A Color MMC Serial?
From actor Glen Graber (pictured at right with Annette in 1956) comes the surprising news that Adventure in Dairyland, alone among Mickey Mouse Club productions, was actually filmed in color.
I tried, many years ago (mid-80s to mid-90s probably) to track the full color Dairyland film that Education Film Library Association (EFLA) carried in their catalog for some number of years, for the use of schools and whomever. I believe I learned of it from the Streiffs* in about 1970 or 1971, which seems reasonable considering Disney was still using it in syndication during 1964-65, and the original agreement stated that ADA would get use of the film after Disney finished broadcasting or distributing it (memory of "common knowledge" at the time - could be apocryphal).
I believe I reached the EFLA offices (don't remember where) and the ADA home office in Chicago, by telephone. Nobody at either location had any inkling of the title, or what became of the films after they were no longer in the catalog. EFLA denied retaining any old copies of their own catalog. I found this difficult to swallow.
What I think we know: The show was filmed in color, on conventional color movie film (35mm, I suppose, although I don't know much about the possibilities). The daily rushes were in color, held in Madison in the late afternoon at a local movie theater across the street from, or within a block or two of, the Hotel Loraine. I only specifically remember attending the rushes once. The crew sailed inverted film cans to each other, in the manner of frisbee throwing, before frisbees became a national pastime, during the catered lunch on location north-east of the Sisk house (the side away from the barns), six days a week (SAG allowed minors to shoot six days a week if on location). I just looked at my ruler, and 35mm is about right for my recollection of the film cans - the crew let us kids try our hand at tossing the cans, occasionally.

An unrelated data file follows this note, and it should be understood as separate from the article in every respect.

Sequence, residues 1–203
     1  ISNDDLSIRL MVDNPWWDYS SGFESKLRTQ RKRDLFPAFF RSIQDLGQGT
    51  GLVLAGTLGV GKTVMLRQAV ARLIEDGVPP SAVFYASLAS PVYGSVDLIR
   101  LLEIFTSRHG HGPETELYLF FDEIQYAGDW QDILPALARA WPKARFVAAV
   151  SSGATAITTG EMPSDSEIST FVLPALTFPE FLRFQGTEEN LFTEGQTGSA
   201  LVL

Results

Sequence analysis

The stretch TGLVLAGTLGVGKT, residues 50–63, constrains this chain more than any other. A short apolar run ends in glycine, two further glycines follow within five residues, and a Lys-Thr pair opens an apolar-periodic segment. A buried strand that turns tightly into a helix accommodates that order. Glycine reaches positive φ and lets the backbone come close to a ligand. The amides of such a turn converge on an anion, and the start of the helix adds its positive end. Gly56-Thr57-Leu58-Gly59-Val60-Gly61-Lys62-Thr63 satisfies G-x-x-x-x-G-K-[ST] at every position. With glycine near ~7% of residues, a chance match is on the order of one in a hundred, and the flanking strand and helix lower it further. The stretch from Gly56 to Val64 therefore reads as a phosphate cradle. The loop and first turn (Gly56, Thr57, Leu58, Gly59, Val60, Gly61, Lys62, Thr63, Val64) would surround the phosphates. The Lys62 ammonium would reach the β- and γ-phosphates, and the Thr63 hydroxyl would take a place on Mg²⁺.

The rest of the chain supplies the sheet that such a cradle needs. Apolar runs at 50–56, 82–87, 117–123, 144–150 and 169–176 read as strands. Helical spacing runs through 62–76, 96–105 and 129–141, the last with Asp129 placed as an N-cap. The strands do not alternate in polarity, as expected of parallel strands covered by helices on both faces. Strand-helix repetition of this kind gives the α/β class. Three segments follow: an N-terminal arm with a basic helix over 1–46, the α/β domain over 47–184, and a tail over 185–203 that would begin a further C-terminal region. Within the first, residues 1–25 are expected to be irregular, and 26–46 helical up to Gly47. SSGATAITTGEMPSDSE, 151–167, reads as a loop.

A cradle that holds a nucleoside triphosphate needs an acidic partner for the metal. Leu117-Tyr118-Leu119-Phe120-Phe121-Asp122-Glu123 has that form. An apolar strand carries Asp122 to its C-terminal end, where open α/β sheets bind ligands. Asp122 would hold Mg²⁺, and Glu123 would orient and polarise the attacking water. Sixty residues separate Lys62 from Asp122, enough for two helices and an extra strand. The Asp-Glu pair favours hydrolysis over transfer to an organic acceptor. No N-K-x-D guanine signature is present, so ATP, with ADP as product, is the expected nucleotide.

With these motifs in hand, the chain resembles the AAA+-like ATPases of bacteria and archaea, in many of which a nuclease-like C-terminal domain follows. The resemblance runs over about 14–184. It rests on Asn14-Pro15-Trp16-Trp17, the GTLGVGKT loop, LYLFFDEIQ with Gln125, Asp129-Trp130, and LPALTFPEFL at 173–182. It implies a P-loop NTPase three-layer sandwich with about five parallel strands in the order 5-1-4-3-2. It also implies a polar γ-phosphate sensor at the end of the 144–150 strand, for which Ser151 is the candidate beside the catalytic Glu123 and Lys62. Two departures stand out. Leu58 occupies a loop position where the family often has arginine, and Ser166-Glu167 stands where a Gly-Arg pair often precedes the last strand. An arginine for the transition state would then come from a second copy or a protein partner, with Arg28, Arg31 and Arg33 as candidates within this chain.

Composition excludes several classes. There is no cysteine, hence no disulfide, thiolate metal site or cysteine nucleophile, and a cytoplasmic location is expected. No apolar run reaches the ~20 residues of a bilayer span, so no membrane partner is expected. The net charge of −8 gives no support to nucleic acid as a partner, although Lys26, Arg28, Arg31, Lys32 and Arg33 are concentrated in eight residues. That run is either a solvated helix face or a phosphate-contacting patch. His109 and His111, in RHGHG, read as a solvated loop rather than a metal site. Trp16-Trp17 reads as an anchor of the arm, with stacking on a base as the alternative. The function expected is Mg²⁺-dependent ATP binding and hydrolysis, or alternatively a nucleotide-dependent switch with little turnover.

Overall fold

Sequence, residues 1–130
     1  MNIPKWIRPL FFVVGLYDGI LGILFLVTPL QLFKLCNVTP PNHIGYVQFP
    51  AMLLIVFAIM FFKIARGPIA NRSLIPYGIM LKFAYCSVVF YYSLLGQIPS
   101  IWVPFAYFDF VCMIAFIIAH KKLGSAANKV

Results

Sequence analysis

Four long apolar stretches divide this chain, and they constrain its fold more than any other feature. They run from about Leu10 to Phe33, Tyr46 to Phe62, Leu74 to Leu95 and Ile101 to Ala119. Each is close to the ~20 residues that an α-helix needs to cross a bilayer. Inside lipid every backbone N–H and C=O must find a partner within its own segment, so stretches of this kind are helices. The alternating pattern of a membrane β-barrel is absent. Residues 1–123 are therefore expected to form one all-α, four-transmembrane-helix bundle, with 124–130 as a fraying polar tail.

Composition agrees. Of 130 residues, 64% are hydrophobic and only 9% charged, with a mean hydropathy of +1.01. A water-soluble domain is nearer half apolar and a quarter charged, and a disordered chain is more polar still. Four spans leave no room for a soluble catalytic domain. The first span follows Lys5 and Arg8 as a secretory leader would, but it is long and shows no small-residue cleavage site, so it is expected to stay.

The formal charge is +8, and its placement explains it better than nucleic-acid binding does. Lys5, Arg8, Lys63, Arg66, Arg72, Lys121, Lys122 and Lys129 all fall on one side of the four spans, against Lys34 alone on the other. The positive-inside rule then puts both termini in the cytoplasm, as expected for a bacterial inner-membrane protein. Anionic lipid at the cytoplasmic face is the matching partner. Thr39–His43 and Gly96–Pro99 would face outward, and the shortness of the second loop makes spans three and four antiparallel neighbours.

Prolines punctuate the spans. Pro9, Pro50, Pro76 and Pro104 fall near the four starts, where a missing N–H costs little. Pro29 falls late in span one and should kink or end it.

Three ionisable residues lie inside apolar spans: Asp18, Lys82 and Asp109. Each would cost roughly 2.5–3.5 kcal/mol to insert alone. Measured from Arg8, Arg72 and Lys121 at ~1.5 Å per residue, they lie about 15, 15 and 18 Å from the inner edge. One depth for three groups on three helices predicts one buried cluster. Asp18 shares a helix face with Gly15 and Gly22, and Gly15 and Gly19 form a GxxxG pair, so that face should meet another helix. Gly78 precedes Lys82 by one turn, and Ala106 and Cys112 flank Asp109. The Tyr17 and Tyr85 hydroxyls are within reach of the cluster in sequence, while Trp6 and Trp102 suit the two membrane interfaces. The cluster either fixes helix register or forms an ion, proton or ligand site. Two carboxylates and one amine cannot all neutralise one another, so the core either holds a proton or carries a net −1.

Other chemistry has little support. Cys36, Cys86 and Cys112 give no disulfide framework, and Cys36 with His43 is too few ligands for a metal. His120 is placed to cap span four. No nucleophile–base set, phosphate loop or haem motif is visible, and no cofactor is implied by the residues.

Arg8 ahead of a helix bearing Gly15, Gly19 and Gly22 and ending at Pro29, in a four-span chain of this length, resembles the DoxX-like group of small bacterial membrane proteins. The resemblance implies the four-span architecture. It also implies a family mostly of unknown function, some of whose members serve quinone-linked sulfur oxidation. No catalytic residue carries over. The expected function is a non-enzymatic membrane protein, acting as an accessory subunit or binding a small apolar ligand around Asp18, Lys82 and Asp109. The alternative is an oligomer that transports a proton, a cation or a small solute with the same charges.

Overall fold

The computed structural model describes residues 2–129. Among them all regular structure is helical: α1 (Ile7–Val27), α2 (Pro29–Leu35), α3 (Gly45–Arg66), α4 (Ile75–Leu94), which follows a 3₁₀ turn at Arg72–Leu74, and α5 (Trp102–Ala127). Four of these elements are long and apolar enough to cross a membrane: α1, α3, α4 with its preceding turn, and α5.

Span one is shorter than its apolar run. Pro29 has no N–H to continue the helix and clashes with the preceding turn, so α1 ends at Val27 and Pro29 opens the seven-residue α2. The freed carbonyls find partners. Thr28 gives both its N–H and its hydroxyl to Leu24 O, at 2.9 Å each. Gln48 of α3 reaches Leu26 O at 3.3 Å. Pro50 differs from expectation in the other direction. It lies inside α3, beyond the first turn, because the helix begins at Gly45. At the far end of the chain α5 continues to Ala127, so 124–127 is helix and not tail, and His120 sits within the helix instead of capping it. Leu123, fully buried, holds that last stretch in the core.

So, there was a color film produced that ADA distributed via EFLA in color. It's been 55 years, and, unless some diligent film archivist has managed to store the product in some special environment (What would it take? Nitrogen? Refrigerated?), or some film lover managed to acquire a color copy from EFLA or ADA and transferred it to a newer medium, then whatever there was has probably been destroyed by intent or time, and this entire topic is moot.
What I know we don't know: We have no idea when the distribution prints were made for ADA/EFLA by Disney. What if they weren't made until the mid-60's or later, closer to actual distribution. This would give the film in the can additional life. For that matter, we don't know that the EFLA prints were 35mm. What if the standard for schools was 16mm? Would that affect the life of the celluloid? I don't know anything about the life expectancy of color film. But some of your visitors probably do, and this might make a continued effort worthwhile.
I leave it to you to decide for yourself whether this is a topic worthy of your own "To Investigate, Eventually" list. I have woven my tale, and I left you a loose thread, to pull or not to pull.
Glen Graber as Uncle Max in a 2007 production of 'The Sound of Music'